Rousey is the Justin Bieber of the cage.
I used to love Ronda Rousey for the message she put out when refusing to entertain the idea of fighting Floyd Mayweather, stating that she never wanted to show young girls the image of a man punching a woman under any scenario. Later, I developed a distaste for Rousey because her own brand betrayed that message by printing gear with the phrase, “Don’t Be a DNB.” Initially, I would’ve bought anything Rousey was selling, but then I learned that DNB stood for “Do-Nothing-Bitch.” While the message was meant to inspire, it played right into the house hand. “Don’t Be a Bitch,” Rousey was telling us, as if there were two types of women and one of them was justifiably demeaned. Or perhaps she was telling us that there were two types of bitches, and one did nothing and one did things. This isn’t the message I want printed on the shirts of young girls. Great fighter? A qualified yes. Great role model? No.
Imagine if Muhammad Ali in his prime had printed t-shirts reading, “Don’t be a Do-Nothing-N” or if Albert Einstein had lived to print shirts stating, “Don’t Be a Do-Nothing-K” or if Elton John had printed shirts stating, “Don’t Be a Do-Nothing-F?” Now take away the “Do-Nothing” part of that phrase and think about those shirts. Would we still admire their makers?
I had the privilege of co-producing a film about UFC fighter, Jens Pulver. The privilege was more in meeting the man than in producing the film, because of the strength of character Pulver portrays in his daily life. In the movie, you can catch Pulver imploring future generations, “Do it better than I did.” I can’t imagine Rousey saying that. She may want to, but then upon reflection thinking, “Nobody can do it better than me.” There are hundreds of videos wherein she states just that, and I’d normally forgive her so long as the fighter lived up to the fight. When Holly Holm knocked out Rousey last weekend, I thought, “Thank God it wasn’t a man that did it,” and then I thought, “Thank God.”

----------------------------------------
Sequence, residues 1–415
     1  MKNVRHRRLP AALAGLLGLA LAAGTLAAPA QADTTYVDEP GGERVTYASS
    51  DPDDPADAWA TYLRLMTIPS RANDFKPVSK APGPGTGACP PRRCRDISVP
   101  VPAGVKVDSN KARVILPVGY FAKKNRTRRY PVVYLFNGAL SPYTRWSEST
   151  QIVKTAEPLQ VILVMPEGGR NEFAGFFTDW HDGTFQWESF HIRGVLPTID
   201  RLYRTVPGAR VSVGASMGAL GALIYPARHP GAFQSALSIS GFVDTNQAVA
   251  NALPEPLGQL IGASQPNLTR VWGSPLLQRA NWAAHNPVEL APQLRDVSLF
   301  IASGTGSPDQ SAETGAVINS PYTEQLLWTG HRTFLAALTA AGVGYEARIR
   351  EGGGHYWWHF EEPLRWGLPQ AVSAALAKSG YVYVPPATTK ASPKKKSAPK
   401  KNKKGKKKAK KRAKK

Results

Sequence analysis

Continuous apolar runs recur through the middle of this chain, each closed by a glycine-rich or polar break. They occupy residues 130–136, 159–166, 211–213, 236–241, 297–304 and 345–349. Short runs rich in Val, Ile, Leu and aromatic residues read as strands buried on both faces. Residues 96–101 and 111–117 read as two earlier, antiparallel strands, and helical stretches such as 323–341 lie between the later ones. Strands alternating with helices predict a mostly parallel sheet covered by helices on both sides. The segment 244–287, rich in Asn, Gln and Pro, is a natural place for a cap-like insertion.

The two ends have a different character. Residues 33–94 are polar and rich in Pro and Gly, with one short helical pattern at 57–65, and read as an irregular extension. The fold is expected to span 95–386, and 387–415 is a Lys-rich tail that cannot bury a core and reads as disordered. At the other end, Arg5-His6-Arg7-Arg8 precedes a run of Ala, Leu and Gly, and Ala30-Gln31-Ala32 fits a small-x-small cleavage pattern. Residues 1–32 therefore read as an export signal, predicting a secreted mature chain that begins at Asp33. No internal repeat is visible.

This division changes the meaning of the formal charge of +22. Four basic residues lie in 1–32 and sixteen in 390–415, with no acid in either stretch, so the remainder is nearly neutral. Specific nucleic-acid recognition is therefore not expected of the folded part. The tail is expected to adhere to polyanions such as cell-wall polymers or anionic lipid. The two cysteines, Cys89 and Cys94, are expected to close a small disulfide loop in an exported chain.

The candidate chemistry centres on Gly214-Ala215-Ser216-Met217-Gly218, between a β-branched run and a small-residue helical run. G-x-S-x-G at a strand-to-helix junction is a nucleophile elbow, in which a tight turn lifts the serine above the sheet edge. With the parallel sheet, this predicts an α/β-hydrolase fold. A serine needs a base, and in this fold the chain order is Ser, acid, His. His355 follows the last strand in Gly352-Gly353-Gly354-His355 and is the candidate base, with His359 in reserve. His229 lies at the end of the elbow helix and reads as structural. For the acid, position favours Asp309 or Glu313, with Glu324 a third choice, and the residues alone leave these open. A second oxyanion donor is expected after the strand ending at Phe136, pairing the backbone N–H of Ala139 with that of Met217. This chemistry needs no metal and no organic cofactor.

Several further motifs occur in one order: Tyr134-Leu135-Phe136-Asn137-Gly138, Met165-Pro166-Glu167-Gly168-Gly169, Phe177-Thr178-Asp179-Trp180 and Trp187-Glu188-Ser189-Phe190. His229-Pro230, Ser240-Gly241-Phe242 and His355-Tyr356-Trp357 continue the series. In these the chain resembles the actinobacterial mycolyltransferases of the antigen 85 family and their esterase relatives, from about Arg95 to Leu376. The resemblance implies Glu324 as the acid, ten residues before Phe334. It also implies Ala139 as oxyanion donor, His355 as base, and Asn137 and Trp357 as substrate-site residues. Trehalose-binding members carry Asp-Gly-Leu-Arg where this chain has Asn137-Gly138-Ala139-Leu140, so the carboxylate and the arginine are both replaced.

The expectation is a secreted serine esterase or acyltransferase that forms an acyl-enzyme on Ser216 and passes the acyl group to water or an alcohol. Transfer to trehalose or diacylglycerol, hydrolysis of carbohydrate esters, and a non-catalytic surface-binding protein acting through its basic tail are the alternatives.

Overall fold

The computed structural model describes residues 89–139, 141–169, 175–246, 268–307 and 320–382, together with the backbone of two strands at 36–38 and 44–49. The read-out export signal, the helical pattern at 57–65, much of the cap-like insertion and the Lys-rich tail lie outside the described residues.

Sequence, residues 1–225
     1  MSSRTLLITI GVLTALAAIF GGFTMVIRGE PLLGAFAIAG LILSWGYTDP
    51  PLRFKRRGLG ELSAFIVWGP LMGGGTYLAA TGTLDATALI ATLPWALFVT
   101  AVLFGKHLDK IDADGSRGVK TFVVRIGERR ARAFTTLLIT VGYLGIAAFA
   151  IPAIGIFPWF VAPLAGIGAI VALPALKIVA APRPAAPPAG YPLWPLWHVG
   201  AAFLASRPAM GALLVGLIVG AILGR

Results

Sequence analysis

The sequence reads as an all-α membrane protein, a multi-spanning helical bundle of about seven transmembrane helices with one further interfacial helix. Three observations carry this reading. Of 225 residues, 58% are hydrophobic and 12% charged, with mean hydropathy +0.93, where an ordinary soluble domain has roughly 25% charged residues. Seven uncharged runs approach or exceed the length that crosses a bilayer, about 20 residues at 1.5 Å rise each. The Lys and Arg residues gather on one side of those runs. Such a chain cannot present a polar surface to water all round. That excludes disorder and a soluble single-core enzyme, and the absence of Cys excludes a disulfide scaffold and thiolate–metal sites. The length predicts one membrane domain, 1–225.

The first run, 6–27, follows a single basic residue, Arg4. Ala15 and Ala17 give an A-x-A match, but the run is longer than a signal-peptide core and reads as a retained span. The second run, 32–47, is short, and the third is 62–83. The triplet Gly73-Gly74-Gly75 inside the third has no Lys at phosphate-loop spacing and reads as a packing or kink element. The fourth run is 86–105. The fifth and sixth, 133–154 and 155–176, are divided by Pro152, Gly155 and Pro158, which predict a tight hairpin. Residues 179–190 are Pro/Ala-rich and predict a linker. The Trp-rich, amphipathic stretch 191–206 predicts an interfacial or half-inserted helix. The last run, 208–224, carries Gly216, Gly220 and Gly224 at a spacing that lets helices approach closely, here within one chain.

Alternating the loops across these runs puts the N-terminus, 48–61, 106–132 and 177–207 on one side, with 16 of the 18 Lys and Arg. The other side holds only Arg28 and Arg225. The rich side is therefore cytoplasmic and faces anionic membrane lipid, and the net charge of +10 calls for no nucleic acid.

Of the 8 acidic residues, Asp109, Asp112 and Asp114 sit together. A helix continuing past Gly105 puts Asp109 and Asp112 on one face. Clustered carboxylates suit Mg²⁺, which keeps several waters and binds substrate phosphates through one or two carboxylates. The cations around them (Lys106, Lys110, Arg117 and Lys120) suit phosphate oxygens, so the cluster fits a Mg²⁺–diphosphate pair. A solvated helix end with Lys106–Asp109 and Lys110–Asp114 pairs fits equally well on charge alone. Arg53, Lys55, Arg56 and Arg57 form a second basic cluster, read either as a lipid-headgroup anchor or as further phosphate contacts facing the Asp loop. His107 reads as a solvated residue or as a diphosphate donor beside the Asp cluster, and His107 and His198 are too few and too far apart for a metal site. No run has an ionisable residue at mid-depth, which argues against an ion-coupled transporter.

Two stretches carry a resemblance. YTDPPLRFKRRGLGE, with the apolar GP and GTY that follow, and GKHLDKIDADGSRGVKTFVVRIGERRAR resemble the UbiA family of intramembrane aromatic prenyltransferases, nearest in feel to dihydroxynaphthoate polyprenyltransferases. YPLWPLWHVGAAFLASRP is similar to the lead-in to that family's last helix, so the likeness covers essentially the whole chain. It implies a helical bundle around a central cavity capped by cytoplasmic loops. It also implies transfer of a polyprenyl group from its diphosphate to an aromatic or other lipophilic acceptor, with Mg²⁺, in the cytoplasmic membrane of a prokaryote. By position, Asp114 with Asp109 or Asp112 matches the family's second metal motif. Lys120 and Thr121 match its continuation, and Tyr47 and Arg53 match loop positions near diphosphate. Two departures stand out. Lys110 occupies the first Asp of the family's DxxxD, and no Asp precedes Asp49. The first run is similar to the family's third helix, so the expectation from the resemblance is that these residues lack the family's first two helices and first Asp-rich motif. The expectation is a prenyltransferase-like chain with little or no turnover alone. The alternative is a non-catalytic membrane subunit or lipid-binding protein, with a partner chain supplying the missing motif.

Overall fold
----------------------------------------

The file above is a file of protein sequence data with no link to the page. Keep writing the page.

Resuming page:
Athletics saves a lot of us. Without them, we sometimes teeter on the edge, drifting into melancholy. One of the reasons we love a good champion is because of the way a winner bring us back to life, dangles possibility, shows us the payoff, and implores us to follow them into greatness. I know that’s what Rousey was trying to do with her DNB brand, inspire us in the ways that she knew how, but it’s unfortunate that she co-opted that particular “B” word. I’ve done it myself at times, in fits like anybody else, but without the force of a brand backing me up. Maybe, though, it’s time that we all think of ourselves as a brand, and start putting out a better message. Maybe there’s something to learn in Rousey’s failure. Jens Pulver would know what to say about this, and seems to have always known. His brand was, simply, “Driven.”
For months, like millions of other fight fans, I Googled Rousey, but she lost me when I imagined my daughter wearing one of her “Don’t Be a DNB” hoodies. I just couldn’t see it. I don’t spite Rousey for being too young, too good, or having too much, too soon. In lots of ways, she’s the Justin Bieber of the cage. My hope is that Rousey takes time to heal from her beating, and comes back with humility, not just on the outside but deep inside where those straight lefts, that left elbow to the face, and the incredible head kick are probably still shaking her. In the meantime, I’ve been Googling Holly Holm, “The Preacher’s Daughter,” for days. There’s a lot to wade through, but the good stuff is great, and clean, and makes you kind of wonder where she’s been all this time, and how she managed to show up so perfectly, right when we needed her most.